Motivations for older adults' participation in distance education: A study at the National Open University of Taiwan

Open Access
Liang, Jr-Shiuan
Graduate Program:
Adult Education
Doctor of Education
Document Type:
Date of Defense:
December 14, 2005
Committee Members:
  • Derek C Mulenga, Committee Chair
  • Gary Kuhne, Committee Member
  • Edgar Paul Yoder, Committee Member
  • Rayne Audrey Sperling, Committee Member
  • Learning motivation
  • Older adult learning
  • Distance education learning environment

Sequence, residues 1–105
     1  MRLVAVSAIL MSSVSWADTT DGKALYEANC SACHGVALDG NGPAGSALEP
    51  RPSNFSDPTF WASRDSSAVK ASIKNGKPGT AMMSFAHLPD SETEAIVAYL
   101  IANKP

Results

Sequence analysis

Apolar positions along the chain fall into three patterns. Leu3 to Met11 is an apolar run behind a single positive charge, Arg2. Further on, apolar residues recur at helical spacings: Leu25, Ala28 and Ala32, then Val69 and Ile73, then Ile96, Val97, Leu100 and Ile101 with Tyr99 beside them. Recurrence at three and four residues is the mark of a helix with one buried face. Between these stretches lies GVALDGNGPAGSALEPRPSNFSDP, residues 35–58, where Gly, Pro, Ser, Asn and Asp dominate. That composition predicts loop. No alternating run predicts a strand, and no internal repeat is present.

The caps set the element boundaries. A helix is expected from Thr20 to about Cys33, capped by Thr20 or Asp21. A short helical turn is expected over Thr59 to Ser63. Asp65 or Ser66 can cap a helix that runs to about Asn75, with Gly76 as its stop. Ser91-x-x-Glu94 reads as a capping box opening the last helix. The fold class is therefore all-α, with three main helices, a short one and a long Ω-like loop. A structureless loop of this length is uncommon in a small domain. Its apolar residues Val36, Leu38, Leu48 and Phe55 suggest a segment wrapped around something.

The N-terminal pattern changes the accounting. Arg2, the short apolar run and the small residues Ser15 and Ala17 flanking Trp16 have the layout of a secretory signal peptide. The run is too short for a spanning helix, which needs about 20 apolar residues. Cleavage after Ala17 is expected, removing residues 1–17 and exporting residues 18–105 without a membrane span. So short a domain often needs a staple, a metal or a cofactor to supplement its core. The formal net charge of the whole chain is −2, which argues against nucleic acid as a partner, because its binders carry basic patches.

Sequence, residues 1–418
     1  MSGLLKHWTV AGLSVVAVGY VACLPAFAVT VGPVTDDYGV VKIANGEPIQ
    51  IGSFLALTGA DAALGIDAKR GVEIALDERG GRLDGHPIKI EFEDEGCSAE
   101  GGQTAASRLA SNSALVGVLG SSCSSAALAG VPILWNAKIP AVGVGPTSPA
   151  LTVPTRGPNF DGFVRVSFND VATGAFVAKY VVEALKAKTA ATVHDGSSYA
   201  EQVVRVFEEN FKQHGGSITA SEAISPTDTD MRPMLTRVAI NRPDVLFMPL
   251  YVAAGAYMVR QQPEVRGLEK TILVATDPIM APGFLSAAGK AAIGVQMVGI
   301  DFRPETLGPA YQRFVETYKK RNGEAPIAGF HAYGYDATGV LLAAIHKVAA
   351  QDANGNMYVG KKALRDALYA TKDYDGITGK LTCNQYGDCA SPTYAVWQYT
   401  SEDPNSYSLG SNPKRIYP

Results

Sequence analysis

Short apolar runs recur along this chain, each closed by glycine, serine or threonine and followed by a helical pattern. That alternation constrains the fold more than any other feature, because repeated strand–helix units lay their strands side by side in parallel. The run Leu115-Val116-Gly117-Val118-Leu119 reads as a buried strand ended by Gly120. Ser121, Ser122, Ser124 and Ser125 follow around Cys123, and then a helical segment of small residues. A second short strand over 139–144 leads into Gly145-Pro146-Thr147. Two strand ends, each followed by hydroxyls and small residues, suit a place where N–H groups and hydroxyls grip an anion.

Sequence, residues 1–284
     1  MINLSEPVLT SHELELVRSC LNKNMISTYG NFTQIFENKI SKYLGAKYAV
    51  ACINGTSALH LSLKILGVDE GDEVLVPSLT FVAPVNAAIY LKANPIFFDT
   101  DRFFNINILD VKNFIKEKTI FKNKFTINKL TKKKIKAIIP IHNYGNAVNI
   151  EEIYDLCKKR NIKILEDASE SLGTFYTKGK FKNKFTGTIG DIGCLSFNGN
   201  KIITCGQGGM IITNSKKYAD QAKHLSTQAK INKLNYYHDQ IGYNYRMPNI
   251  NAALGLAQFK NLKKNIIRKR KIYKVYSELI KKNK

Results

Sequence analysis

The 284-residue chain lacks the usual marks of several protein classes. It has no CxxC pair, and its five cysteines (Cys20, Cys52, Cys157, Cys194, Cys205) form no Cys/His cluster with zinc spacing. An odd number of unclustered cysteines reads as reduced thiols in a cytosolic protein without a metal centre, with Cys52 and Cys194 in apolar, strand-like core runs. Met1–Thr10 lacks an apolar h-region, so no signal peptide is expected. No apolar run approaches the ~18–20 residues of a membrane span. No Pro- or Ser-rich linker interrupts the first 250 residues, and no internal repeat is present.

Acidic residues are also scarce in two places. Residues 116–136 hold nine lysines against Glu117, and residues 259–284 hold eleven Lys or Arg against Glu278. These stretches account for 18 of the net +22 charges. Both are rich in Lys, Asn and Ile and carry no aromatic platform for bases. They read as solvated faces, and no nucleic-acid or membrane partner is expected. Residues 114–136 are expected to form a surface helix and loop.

The present study investigated the factor structure of motivation constructs as expressed by older adult learners and examined how these constructs correlated with older adults' socio-demographic characteristics, perceptions of the distance education learning environment, and student satisfaction. Furthermore, the study explored the relative contributions of each factor to student satisfaction. Given the exploratory and descriptive purposes of this study, a cross-sectional survey research design was chosen for implementation. The population under study was older adults aged 55 and above registered as students at the National Open University of Taiwan (NOUT) in the Spring Semester 2005. Older adults affiliated with one of the identified six regional study centers (Taipei, Taipei [2], Taichung, Tainan, Kaohsiung, and Hualien study center) were targeted as potential participants in this study. Motivation, as reflected in personal goals, was operationalized as the reason for older adult learners¡¦ participation in distance education. Motivation was measured using the Reasons for Participation Scale (Steele, 1984). The perceived learning environment at NOUT was measured using a modified Distance Education Learning Environment Survey (Walker, 2003b). The survey was distributed to a sample of 990 older students; 371 completed it (Mean age = 61). Study results revealed four major motivation constructs that attracted older adults to NOUT, namely, keeping up and fulfillment, intellectual stimulation, escape and social contact, and adjustment. Several similarities and differences exist between this study and past research. First, the motivations for older adults¡¦ participation in educational programs may be interpersonal and intrapersonal, expressive and instrumental in nature. Second, in discovering the primary motivation¡Xintellectual stimulation, this study confirmed the literature (Boshier & Riddle, 1978; Bynum & Seaman, 1993; Furst & Steele, 1986; Kim & Merriam, 2004; Lamb & Brady, 2005; Scala, 1996; Swindell, 2002; Swindell & Vassella, 1999) that cognitive-related motivation is the strongest reason for older adults¡¦ participation in educational activities. Third, it is also noteworthy that the social interaction component of a program may not be as appealing to older adults who choose distance learning over the face-to-face learning environment. Furthermore, the absence of degree-seeking motivation add further support to the belief that expressive reasons may be more important than instrumental reasons for learning in later life. The overall findings confirmed the assumption that the motivational dispositions an individual adopts are very sensitive to context and are influenced by how the individual perceives the environment (Ames, 1992; Ford, 1992). The learning environment at NOUT was perceived in terms of instructor support, student interaction and collaboration, and personal relevance. The factor of personal relevance appeared to be the most important predictor in explaining all four motivation constructs, and was the strongest predictor in explaining student satisfaction, followed by the factor of instructor support. It is the perceived distance education learning environment, rather than motivation dispositions and socio-demographic characteristics, which are a more powerful predictor of learning outcome. In other words, when older adult learners perceived a supportive climate within their learning environment and were able to relate the subject matter of the class to their personal lives, they tended to be more satisfied with the distance education provided by NOUT. A brief discussion of implications and suggestions for future research are provided.